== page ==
Children of hope
“I’m getting pretty bored of not having school.”
This simple statement by Cecilia Tisserand, whose anticipation of entering the second grade at her beloved Lusher elementary school in 2005 was washed away by Hurricane Katrina, helped spark the idea for a remarkable school for children affected by the storm that hit New Orleans two years ago next week.
A group of families who evacuated to the Lafayette-New Iberia area enlisted Paul Reynaud, a first-grade teacher at Lusher, to organize a one-room schoolhouse. Named Sugarcane Academy by its young students, the idea was for the school to help children regain some normalcy through the uncertain months ahead. Author and former Gambit Weekly editor Michael Tisserand chronicles this school and other efforts like it in Sugarcane Academy: How a New Orleans Teacher and His Storm-struck Students Created a School to Remember.
It’s more than just a story about a school. It focuses on the varied experiences of New Orleans’ youngsters, both those who evacuated before the storm and others who stayed to be plucked from rooftops, watched family members die or waded through floodwaters to land in the hellish environs of the Superdome or Ernest N. Morial Convention Center. It tells of the efforts of adults, particularly teachers from New Orleans, who sought out the displaced children to help them cope with their losses.
Sugarcane Academy also is a very personal memoir of the Tisserand family’s efforts to reclaim a place in New Orleans and their painful decision to move to Evanston, Ill., outside of Chicago. Tisserand has remained quite attached to New Orleans—he still considers it home—visits often and writes about the city and its recovery for various media.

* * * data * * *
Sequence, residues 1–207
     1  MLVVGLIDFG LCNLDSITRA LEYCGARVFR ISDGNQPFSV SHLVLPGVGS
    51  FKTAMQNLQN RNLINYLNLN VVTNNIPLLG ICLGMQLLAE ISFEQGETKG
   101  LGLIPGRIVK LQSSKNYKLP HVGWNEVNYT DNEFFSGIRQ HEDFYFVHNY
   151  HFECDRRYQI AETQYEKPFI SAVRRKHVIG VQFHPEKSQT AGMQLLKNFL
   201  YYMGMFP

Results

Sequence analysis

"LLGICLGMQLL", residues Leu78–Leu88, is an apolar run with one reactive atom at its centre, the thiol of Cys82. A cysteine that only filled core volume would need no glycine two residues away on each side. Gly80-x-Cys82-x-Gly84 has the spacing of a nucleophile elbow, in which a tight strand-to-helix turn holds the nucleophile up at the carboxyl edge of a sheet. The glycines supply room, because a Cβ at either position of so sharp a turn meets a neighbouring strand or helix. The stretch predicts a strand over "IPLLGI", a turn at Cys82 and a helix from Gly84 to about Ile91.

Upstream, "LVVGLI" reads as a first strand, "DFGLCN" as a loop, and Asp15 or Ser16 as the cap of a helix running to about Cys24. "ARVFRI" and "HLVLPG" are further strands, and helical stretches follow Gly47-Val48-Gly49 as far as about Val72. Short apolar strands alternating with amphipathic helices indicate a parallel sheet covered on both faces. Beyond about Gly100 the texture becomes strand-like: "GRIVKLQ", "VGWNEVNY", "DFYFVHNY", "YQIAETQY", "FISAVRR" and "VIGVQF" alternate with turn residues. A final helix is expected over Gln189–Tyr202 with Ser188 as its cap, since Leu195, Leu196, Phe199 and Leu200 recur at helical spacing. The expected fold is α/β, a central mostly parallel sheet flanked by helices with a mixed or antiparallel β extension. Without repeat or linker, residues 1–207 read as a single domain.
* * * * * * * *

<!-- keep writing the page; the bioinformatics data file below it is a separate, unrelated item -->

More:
“One of the things I want to communicate to people outside of New Orleans and Louisiana is that this hurricane is ongoing,” he says. “I do think that anyone who went through this and hopes to remain tied to New Orleans is responsible for the rebuilding just like people in New Orleans are.
“My readership, I think, is somebody who wants to know how it feels to go through this kind of experience: to evacuate your city, try to figure out what happened to it and make the decision to leave it,” Tisserand says.
There is much that is hopeful in the book, but there are also heart-wrenching moments, both on a personal level for the Tisserand family and their friends and also in the voices of other traumatized children. Many of them found a way to communicate their pain through art, their stories relayed through scenes of little boxes with off-kilter triangle roofs surrounded by swirling water. Helping the children find a way to relate their experiences, fears and losses is an important part of the healing process, Tisserand says.
“What people do respond to is the innocence and vulnerability of children, the fierce devotion of parents and teachers.”
“There needs to be a federally coordinated effort to help the kids who went though this tragedy, really through multiple tragedies, from living in FEMA parks and shelters; losing family, friends and relatives; the breakup of family units; and finding the school system in disarray,” Tisserand says. “It hasn’t happened, that’s for sure.”
Part of the reason for Sugarcane was to keep the children, most of whom had been friends in New Orleans, together, Tisserand says. “To have these kids together means a lot. To have to live among people that don’t have this frame of reference that New Orleanians have right now is very difficult. A lot of people are sympathetic to the Katrina cause—the wetlands, the levees—but they don’t feel it in the same way.
“As long as the levees and the wetlands are in the state they are in, you don’t know when the next bomb is coming. When people ask me how New Orleanians are doing, I tell them that people who love New Orleans are never going to do that well until the levees are rebuilt and the wetlands are restored.”